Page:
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Simulate native events on Android-like devices

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README.md

Orangutan

Orangutan is a replacement for Android's monkey/monkeyrunner tool, intended to overcome the following limitations:

  • Lack of ability to realistically simulate input events: it is difficult to impossible to accurately simulate touch events in terms of downtime and event time. The TCP/IP protocol does not currently set the down time for events correctly, which can result in swipes being misinterpreted as long presses. Running a monkey script these values are set automatically, but not in a way that all applications can understand: for example, Google Chrome for Android totally ignores a monkey-generated drag event.
  • Difficult to impossible to fix bugs. Theoretically it may be possible to submit patches upstream, but good luck getting a patched version of monkeyrunner on a device running Android 2.x.

Instead of hooking into Android's java-based windowing/event system like Monkey, Orangutan takes a different approach: injecting events directly into the kernel /dev/input system. From the point of view of the Android system, this is totally indistinguishable from actual touch events. Parameters such as the duration of a press, speed of the swipe, etc. are inferred at run time by the Android system.

An additional advantage of Orangutan is that it works on any system which provides the /dev/input interface. In particular, this means you can use Orangutan on Mozilla's FirefoxOS operating system.

Requirements

Building / Installing

Assuming you have installed the Android NDK, you can configure and build Orangutan by running:

./configure $PATH_TO_ANDROID_NDK
make

For example, on my machine I downloaded and extracted the NDK to $HOME/opt/android-ndk-r6. So In my case I would run:

./configure $HOME/opt/android-ndk-r6
make

To install on your device (assuming it's connected via USB and developer mode is enabled), run:

make push

Kernel support

Orangutan comes with a Linux kernel module that lets you emulate arbitrary input devices. This can be useful for using Orangutan with devices which lack a physical touchscreen, for example the pandaboard. If you just want to use Orangutan with a normal Android or FirefoxOS device, you shouldn't need to bother with this.

A guide on how to build kernel modules for binary-only kernels is available at

http://glandium.org/blog/?p=2664

The resulting binary module is named 'orng.ko' and resides in the subdirectory 'kernel/'. To copy the binary module to your device, execute

adb push kernel/orng.ko /system/orng/orng.ko

and load the module with

adb shell insmod /system/orng/orng.ko <module parameter>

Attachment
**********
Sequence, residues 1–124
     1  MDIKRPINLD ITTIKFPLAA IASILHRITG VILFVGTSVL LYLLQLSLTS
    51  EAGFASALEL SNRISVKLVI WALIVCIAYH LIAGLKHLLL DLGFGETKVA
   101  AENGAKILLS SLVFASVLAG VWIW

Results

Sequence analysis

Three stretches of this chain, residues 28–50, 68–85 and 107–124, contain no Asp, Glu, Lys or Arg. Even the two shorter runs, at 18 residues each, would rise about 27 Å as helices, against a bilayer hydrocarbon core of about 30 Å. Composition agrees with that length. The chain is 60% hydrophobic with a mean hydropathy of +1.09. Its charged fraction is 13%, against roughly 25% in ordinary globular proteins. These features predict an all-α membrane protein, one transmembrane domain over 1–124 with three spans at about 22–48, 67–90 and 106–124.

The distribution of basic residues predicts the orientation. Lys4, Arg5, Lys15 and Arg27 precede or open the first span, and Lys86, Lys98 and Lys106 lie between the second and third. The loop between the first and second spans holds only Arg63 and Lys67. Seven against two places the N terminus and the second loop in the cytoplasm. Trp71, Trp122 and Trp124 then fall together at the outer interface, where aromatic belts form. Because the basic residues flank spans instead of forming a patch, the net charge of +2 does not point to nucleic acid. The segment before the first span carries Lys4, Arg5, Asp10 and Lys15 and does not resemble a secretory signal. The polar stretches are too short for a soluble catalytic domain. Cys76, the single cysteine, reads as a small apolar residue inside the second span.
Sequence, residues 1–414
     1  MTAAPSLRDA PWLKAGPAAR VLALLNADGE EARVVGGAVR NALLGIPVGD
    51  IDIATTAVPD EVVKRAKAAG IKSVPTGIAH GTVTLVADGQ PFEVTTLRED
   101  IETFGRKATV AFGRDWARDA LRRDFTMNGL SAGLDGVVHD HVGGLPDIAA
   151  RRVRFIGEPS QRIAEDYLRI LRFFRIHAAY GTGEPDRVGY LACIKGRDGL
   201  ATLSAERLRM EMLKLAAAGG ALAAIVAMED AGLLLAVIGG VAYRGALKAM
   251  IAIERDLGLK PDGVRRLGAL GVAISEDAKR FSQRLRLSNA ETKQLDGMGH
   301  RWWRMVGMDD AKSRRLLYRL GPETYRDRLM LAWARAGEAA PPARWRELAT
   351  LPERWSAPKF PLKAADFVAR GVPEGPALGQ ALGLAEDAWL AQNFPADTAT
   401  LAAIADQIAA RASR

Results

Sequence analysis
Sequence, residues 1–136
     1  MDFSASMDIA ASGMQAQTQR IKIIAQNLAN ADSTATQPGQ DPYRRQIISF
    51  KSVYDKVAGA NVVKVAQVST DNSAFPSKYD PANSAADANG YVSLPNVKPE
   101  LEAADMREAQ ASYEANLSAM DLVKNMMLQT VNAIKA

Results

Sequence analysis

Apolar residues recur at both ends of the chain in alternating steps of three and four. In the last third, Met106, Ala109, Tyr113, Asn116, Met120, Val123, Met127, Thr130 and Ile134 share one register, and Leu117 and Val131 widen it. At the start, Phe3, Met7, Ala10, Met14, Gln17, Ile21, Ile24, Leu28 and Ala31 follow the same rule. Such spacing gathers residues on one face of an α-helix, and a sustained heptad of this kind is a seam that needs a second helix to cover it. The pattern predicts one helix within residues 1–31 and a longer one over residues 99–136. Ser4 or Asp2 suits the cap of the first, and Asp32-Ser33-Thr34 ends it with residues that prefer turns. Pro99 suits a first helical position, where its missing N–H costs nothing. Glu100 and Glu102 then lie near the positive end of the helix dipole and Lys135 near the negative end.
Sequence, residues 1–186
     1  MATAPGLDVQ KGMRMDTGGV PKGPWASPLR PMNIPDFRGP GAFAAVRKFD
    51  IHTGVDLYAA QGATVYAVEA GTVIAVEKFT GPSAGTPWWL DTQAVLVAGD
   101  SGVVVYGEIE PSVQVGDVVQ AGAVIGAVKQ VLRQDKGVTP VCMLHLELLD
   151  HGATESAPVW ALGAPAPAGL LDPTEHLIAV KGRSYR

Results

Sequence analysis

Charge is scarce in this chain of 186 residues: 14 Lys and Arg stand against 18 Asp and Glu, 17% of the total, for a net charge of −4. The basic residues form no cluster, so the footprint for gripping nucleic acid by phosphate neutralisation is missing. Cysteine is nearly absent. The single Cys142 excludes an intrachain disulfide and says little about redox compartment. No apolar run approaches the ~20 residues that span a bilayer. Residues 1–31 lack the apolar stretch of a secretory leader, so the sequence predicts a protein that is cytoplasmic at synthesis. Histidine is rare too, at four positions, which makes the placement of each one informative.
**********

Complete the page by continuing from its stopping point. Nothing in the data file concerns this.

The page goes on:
Module parameters are either

'names' - a comma-separated list of up to 16 device names (corresponding
          to the 'name' field in the kernel device specification), or
'devices' - a comma-separated list of up to 16 device names (corresponding
          to the 'cname' field in the kernel device specification), or
'bustype', 'vendor', 'product', and 'version' - a device id.

Names take precedence over device ids.

For example, to load a simulated 720p touchscreen on the pandaboard, you would load the orangutan kernel module with:

adb shell insmod /system/lib/modules/orng.ko devices=generic-720p_touchscreen

Using

Orangutan currently just executes "script" files containing a sequence of gestures. Currently the following are supported:

  • Drag: Simulates a drag (panning) gesture. Syntax:

    drag [start x] [start y] [end x] [end y] [num steps] [duration in msec]

  • Tap: Simulates a sequence of taps. Syntax:

    tap [x] [y] [num times] [duration of each tap in msec]

  • Sleep: Sleeps for a specified period of time. Syntax:

    sleep [duration in msec]

  • Key down: Simulates a press down of the specified key. Syntax:

    keydown [key number]

  • Key up: Simulates a release of the specified key. Syntax:

    keyup [key number]

An example script file which fairly simulates a double tap, then a pan gesture, then a sleep for two seconds on a Galaxy Nexus in landscape mode might be:

tap 175 630 2 200
drag 200 200 600 200 10 100
sleep 2000

Comments can also be added, either on a line by itself, e.g.:

# This is a comment.

Or at the end of the line:

sleep 2000 # This is a comment.

Block comments are also allowed at various positions:

{ This is a comment. } tap 175 630 2 200
tap 175 630 { This is a comment. } 2 200
tap 175 630 2 200 { This is a comment. }

Block comments will also output their contents to adb stdout prefixed by "{}: ", and will be printed before the execution of the command:

{}: This is a comment.

We can also chain commands together with ";", linking them this way:

{ before tap } tap 175 630 2 200 ; { after tap } sleep 2000 # This is a comment.

To execute a script file, simply copy it onto the device, and run orng utility against it as follows.

/data/local/orng [device name] [script file]

The device name varies per device, you can generally figure it out by running "getevent" on the device and seeing what device corresponds to the touch screen. On the Galaxy Nexus for example, we see the following output:

add device 1: /dev/input/event4
  name:     "lightsensor-level"
add device 2: /dev/input/event3
  name:     "proximity"
add device 3: /dev/input/event2
  name:     "tuna-gpio-keypad"
add device 4: /dev/input/event0
  name:     "barometer"
add device 5: /dev/input/event5
  name:     "Tuna Headset Jack"
add device 6: /dev/input/event1
  name:     "Melfas MMSxxx Touchscreen"

We can guess the /dev/input/event1 is the touchscreen by its description. Thus, if your script file was stored in '/mnt/sdcard/script' you would run the following command from an adb shell:

/data/local/orng /dev/input/event1 /mnt/sdcard/script
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